We take our drinking water for granted in the U.S. Many of us wouldn't know what to do if disaster struck and the tap went off, if our water was contaminated and there was no heat for boiling, or if the only option was a lake, stream or maybe a puddle.
Certain parasites, bacteria and viruses that cause serious human infections live in water that appears pristine. While not all water sources have these, it's impossible to tell which ones don't.
Bringing water to a boil is a great way to kill off germs. Boiling for a minute might be overkill, but many would rather be safe than sorry. Some even advise boiling an extra minute for every 1,000 feet above sea level.
But if you don't have matches or a lighter, or wood, gas or other fuels are at a premium, other methods suffice. One is bleach. If you have some unscented bleach around the house - the kind you use for cleaning clothes - add two drops to each quart of water. Mix and let the water sit for an hour. Or you can add four drops and wait 30 minutes. If the water is cloudy or really cold, double the amount of time you wait.
No bleach? Many people have Betadine (povidone-iodine) or iodine in their first-aid kits. Add five drops of iodine or eight drops of Betadine to each quart of water and wait an hour. Or, as with the bleach, you can double the amount and wait 30 minutes. If the water is cloudy or cold, wait twice as long. Don't use this method if you think you might be allergic to iodine.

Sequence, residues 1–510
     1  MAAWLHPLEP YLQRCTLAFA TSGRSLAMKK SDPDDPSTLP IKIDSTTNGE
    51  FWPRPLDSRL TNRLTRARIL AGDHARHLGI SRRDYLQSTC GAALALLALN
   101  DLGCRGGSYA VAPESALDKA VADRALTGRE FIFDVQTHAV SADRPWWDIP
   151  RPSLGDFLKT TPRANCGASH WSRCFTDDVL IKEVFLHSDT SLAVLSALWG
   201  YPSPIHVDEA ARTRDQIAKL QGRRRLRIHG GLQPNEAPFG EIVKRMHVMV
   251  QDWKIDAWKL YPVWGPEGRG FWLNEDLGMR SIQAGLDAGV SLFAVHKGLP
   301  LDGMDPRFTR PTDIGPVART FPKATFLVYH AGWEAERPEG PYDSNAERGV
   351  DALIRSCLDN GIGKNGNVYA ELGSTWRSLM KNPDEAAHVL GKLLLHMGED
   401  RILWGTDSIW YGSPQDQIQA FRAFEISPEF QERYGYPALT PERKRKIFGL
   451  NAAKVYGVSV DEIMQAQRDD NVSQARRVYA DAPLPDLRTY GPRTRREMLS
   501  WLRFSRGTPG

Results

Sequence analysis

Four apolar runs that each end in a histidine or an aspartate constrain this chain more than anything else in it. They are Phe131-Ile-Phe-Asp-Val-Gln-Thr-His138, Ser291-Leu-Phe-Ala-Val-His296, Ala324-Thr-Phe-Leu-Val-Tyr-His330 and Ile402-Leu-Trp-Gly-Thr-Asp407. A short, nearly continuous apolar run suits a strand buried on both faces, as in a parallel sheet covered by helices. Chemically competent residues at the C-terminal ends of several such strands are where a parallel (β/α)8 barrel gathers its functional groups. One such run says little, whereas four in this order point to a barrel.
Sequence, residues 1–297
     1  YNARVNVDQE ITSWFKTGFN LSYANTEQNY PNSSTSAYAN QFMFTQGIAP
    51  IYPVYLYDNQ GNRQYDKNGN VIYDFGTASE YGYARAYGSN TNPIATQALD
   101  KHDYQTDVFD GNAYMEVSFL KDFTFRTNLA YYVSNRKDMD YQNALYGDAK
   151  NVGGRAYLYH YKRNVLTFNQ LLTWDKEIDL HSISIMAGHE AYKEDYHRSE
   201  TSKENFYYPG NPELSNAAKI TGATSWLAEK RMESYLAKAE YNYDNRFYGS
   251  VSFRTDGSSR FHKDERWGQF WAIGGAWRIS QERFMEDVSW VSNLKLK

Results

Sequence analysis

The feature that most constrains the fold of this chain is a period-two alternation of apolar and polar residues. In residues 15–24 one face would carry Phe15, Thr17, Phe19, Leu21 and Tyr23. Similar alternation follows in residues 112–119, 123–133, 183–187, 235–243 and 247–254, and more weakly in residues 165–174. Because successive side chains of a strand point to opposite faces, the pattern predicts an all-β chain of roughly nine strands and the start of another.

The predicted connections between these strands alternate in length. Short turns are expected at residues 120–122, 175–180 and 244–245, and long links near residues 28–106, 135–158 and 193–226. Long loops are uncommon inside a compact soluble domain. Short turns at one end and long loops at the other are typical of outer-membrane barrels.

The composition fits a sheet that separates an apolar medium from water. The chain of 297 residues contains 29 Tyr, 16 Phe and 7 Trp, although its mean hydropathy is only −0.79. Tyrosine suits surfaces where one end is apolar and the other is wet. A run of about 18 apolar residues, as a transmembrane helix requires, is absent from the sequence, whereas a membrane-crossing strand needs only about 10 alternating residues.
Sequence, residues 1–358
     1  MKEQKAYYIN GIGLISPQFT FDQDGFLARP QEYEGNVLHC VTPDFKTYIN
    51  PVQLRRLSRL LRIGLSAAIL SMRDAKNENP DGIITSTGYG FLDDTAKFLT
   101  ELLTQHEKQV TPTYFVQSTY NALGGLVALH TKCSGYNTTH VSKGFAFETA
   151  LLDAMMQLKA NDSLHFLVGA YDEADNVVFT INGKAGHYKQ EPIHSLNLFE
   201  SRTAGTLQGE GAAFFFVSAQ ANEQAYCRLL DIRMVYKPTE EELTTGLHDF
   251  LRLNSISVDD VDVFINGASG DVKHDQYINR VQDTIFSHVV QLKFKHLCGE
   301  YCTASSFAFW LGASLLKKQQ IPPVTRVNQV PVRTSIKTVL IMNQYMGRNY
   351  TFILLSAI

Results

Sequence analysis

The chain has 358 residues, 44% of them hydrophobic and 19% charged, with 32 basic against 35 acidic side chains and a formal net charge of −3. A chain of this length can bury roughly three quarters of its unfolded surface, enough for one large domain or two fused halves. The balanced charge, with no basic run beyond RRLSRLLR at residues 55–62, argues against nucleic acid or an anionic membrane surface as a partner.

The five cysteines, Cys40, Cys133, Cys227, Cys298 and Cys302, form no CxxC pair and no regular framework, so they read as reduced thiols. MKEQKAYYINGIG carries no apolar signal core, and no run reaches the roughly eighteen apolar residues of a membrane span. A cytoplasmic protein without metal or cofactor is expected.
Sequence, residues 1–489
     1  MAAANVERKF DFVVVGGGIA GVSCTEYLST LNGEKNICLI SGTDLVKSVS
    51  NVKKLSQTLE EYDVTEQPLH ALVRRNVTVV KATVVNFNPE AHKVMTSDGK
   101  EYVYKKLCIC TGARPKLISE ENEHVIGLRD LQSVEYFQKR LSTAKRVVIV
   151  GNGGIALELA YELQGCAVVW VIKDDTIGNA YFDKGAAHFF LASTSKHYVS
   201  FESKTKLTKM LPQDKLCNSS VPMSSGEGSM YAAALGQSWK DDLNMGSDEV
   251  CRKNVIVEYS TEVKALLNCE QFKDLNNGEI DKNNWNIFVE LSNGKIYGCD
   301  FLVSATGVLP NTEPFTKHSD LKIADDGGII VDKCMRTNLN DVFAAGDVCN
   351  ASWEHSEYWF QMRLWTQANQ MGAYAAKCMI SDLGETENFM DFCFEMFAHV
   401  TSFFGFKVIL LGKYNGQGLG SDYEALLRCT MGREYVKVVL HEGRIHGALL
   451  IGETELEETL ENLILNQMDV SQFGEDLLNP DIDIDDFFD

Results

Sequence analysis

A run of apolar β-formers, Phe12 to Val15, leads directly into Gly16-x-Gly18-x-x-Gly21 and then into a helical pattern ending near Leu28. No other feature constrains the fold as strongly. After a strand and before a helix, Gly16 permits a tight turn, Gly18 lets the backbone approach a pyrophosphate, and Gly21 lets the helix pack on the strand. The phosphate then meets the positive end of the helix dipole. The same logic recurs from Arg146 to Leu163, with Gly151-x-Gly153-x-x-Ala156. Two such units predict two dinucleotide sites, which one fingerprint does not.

Another alternative is to buy the chlorine bleach or iodine in tablet form at a camping supply store and follow the directions on the label. It's much lighter and more portable in case you need to leave the house.
Consider a water bottle with a microfiltration system. This strains your water through tiny pores that filter bacteria and parasites. They even make a straw that does essentially the same thing. Make sure all the pores - not just some - are guaranteed to be 1 micron or less.
Viruses are so small that a microfiltration filter might not catch all of them. On the other hand, iodine and chlorine might not kill all protozoa. So it makes sense to combine the chemical and filter, if you have both.
There's one other method: the good ole sun. Set a container of water outside on a black surface. Cover the container with non-UV glass. A minimum of four hours in direct sunlight and a total of eight hours of sitting should do the trick. The more time in the sun, the better.
None of these methods will get rid of any poisons or other chemicals in the water. A charcoal filter can help, but even then, there's no guarantee.
The best plan is to have some bottled water stored for emergencies. Everyone should have 3 to 7 gallons of drinkable water stored. That should last three to seven days. Campers and hikers should plan according to their expected time away.
For more information on how to disinfect water, visit TheSurvivalDoctor.com.
Family doctor James Hubbard teaches how to survive during disasters or any time you can't get expert medical help at TheSurvivalDoctor.com